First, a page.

Mon, 14 December 2009
The Romans came to rule Judea in 63 BC. Leading up to that, the high priests of the Hasmonean Dynasty were the de facto kings in Israel, though their official title was Ethnarch. This dynasty began from the Maccabees, and lasted roughly eighty years. They did not want to be seen as usurping the rightful place of the line of David, since they were dependent on the pious Jews. The line of David was still known through this period, but it had fallen into obscurity. In this sense, the Hasmonean state is a biblical anomaly, lacking any leaders truly chosen by God. These rulers tended to be despots of a sort similar to Oriental and Hellenistic despots. These rulers were also expansionist, reacting to the rising birth rates of the neighboring countries. These circumstances give rise to a large upsurge in Messianic hope.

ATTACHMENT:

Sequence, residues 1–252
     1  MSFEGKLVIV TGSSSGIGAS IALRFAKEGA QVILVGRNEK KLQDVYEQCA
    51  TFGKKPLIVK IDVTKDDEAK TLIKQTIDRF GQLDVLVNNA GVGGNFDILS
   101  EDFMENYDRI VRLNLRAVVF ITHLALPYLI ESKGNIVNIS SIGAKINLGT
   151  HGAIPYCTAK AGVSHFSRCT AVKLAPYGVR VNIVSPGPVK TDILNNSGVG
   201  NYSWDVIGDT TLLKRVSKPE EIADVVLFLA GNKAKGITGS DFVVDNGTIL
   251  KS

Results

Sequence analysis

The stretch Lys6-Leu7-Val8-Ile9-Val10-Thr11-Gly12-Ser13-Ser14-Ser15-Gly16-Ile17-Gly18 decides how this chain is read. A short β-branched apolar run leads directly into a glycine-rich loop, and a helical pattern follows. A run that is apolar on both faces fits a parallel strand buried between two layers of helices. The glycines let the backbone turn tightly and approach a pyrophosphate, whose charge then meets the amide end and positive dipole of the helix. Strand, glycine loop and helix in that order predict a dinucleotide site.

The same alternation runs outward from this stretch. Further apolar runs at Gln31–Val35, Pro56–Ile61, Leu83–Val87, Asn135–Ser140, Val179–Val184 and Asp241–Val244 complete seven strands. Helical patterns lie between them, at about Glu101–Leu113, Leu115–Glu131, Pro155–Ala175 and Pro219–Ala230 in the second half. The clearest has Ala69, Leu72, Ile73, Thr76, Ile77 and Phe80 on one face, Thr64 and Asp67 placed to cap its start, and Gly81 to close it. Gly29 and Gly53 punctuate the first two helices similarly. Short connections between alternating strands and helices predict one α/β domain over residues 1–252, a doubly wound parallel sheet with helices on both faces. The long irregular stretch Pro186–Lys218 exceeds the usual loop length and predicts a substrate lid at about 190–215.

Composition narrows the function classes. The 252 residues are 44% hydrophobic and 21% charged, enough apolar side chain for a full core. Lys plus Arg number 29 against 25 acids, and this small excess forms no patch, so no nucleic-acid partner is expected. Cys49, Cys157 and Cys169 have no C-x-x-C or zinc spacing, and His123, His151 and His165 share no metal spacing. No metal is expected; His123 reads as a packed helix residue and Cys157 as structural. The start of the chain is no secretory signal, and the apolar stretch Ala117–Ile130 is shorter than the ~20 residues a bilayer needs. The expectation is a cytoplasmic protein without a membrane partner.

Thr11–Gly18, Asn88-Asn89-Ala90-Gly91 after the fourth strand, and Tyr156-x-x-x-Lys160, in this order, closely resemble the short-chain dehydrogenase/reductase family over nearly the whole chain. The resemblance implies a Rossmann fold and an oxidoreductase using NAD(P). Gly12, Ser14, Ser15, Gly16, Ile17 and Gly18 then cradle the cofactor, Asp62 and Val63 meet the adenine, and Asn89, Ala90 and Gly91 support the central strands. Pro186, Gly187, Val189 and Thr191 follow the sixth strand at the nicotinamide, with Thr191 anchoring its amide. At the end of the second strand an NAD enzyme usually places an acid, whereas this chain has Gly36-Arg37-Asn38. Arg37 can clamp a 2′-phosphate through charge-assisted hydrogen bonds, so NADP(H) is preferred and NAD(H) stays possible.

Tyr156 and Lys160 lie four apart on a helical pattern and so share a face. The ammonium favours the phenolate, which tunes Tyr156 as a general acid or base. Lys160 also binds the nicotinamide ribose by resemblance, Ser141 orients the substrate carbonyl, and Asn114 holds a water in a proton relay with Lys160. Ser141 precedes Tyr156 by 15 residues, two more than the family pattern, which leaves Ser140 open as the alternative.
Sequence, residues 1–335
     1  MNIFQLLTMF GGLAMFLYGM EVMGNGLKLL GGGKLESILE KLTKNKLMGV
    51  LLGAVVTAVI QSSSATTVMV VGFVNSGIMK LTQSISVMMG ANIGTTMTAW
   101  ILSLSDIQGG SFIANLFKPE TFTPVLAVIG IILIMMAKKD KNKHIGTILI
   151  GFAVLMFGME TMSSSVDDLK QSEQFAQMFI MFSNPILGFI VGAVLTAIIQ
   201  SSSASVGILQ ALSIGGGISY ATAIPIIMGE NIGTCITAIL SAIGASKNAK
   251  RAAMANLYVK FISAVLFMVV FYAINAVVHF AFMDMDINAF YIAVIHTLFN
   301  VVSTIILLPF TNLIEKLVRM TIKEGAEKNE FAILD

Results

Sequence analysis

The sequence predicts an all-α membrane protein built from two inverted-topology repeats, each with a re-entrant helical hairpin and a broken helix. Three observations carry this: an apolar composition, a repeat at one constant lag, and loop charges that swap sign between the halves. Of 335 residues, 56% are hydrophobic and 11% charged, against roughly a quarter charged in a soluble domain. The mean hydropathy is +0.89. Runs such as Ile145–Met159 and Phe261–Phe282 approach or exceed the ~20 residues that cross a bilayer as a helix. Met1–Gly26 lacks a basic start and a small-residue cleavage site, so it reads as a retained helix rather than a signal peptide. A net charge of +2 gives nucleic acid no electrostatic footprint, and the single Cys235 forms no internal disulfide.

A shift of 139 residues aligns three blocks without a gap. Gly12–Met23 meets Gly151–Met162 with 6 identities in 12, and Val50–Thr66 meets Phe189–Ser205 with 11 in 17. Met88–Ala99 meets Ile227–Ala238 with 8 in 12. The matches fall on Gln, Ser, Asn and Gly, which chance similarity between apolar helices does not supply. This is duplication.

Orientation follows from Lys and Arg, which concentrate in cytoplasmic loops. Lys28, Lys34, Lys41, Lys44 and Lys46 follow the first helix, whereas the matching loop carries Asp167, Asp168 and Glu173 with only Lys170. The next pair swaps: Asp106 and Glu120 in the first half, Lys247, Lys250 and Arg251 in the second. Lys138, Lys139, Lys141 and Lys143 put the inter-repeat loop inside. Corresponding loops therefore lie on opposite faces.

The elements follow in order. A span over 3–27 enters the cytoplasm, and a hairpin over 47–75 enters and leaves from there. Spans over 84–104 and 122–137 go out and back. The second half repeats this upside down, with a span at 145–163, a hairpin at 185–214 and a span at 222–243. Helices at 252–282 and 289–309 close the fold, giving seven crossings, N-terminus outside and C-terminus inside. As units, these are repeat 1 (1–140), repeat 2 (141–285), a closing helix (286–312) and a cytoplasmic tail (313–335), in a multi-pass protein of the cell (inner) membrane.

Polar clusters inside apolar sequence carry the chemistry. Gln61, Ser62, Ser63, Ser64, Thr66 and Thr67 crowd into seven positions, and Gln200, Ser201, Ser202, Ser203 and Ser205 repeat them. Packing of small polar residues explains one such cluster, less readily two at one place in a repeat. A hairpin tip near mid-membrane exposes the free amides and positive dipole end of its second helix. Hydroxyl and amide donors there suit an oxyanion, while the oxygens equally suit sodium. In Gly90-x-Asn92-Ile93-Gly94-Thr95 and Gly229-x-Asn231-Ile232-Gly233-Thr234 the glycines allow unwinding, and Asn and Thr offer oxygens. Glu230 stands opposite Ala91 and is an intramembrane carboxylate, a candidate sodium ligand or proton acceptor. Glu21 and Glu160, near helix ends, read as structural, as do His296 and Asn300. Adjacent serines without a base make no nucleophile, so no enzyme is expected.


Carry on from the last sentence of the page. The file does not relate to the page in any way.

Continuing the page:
Salome Alexandra instituted a number of changes that pleased the Pharisees, and was fondly remembered by them for this. Her sons, Aristobulus II and Hyrcanus, fought for the high priesthood. At this point, Pompey comes to Israel and seeks an alliance with Hyrcanus, since Israel had sought such an alliance before. Hyrcanus was confirmed as high priest, but the position of king was saved for Rome, with local political authority resting in Hyrcanus' minister, Antipater the Idumean. Antipater made his son Phasael governor of Jerusalem and his other son Herod, who would be called the Great, was made governor of Galilee. Then, in 43 BC, Antipater was poisoned and the two sons battled for control of Judea.Messianic hope in the days of the Maccabees; the rise of the Pharisees and Salome Alexandra; Roman History.
The closing theme is Gerard Satamian's Chansons Sans Paroles Op. 2 Pastorale, from the album Dry Fig Trees. www.magnatune.com